It all makes for a strange juxtaposition in my imagination, suspended between cleaning, repairing, preserving, and the ad culture lure to the new, clean, and fresh.  It’s a lot like the new trend in photography, perhaps it’s a kind of decay fetish, showcasing the decay of retail spaces in America.   Retail Ruin Porn.  The ruined malls pierce the consumer cultural veil.  Where there was once children lining up to take a picture with Santa now has become a zombified postindustrial space.  Some economists are predicting that in five years, half of the 5,000 malls in America will become ghost malls.  Santa must find other places I guess.

 

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The collapse didn’t come all at once.  Like Seinfeld’s stages of becoming garbage, there were signs of ruin.  First the malls became icons of urban decay, particularly in areas whose ambitions of middle class affluence has long since evaporated.  The mall itself, once a universal hangout, and social hub, origin of those prized items of consumerism, it itself in the process of becoming garbage. In some areas this has been happening for a couple decades as once powerful retail giants like Montgomery Ward, J.C. Penny and Sears faded. The malls giving way to pimp and hoe shops – you know, the ones sporting faux Rastafarian, incense and weed culture items along with payday lenders, pawn shops, and discount stores.  Go to the mall, come back fronting a grill on your teeth.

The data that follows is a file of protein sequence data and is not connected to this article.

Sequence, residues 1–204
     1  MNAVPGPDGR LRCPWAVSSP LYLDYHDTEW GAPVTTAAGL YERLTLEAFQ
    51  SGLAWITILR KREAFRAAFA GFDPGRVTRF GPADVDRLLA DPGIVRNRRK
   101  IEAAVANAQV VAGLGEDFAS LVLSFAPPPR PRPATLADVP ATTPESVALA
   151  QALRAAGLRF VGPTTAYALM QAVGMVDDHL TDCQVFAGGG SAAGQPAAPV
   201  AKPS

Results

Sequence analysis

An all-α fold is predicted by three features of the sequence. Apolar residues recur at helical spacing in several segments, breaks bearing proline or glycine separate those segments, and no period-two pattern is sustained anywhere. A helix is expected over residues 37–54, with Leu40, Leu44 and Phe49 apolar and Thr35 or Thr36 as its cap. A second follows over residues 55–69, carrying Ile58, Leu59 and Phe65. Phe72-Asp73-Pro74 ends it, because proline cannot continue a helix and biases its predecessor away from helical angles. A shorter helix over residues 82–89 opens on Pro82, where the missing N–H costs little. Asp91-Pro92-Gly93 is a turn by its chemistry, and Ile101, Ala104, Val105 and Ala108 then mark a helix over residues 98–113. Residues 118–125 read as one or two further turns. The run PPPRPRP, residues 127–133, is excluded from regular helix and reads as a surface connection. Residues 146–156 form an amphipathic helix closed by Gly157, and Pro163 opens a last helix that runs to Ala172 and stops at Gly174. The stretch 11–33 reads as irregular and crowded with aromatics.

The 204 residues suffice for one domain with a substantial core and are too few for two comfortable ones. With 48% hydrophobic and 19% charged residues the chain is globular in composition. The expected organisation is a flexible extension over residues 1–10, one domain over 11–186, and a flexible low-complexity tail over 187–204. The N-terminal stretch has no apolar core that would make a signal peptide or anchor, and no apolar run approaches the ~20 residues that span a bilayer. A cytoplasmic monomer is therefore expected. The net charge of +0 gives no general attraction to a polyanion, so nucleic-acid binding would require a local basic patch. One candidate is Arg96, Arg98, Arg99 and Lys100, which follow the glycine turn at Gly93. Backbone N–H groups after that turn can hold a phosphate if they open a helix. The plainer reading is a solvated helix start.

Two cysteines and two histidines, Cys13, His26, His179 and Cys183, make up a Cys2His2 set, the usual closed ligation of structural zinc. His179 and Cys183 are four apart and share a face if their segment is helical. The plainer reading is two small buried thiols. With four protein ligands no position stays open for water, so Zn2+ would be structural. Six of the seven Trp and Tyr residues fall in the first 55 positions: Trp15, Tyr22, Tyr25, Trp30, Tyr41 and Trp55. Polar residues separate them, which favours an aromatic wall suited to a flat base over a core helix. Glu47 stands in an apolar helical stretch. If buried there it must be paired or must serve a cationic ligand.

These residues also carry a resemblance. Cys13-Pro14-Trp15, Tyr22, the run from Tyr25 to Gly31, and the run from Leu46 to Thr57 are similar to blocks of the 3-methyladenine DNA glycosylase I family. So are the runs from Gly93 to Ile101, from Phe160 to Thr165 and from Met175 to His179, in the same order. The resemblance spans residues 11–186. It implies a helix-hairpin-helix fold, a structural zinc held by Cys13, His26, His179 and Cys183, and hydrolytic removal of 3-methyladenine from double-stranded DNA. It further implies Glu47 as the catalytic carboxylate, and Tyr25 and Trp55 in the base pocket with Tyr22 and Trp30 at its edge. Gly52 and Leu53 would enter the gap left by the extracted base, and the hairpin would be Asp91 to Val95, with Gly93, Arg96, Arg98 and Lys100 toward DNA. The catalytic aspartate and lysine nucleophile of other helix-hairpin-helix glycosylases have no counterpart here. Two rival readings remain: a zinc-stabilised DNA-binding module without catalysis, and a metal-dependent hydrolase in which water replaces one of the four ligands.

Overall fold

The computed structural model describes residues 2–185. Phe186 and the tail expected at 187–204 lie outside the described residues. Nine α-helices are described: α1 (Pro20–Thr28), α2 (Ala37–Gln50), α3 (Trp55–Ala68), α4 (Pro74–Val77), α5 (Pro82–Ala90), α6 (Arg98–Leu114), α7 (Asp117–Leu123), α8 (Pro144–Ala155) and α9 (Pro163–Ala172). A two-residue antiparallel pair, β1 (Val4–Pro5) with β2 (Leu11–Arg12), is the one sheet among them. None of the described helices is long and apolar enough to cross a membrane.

But what was a creeping socioeconomic decay is now on the precipice of full out collapse.  Some call it the retail apocalypse as stores like Radio Shack, J.C. Penny, Sears, Kmart, Macy’s, J. Crew, Sports Authority, Payless, Forever 21 and others close stores and serve up thousands of layoffs. Other companies stocks are in multi-year lows with uncertain futures – Urban Outfitters, Ralph Lauren, American Eagle, Gap, Vitamin World, True Religion, Ann Taylor, Guess, Abercrombie and Fitch, The Limited, Staples, Family Christian, and Game Stop, among others.  That’s basically half of the occupants of every mall in America.  All these brands are getting sucked up by online retail giants like Amazon, which is having soaring profits and stock values making CEO Jeff Bezos’s worth sailing north of 113 billion dollars.  Meanwhile, like contestants on the bachelor, 20 finalist cities are courting Amazon to be the location of the second Amazon headquarters. You may think that the jobs that are lost in traditional retail are made up for in Amazon warehouses and UPS shipping.  True, some is made up here, but two jobs are lost for one created in this retail apocalypse, along with a revolution in automated trucking and travel, that is bound to lay off millions, restructuring not just retail but a part of social life that is increasingly being transformed online.  Given a bear cycle this economy is overdue for, this collapse may come much quicker.  The mall developers then would foreclose on their properties, unable to pay back their liens, rolling into a financial crisis already threatened by debts crises in home, school, credit and auto loans.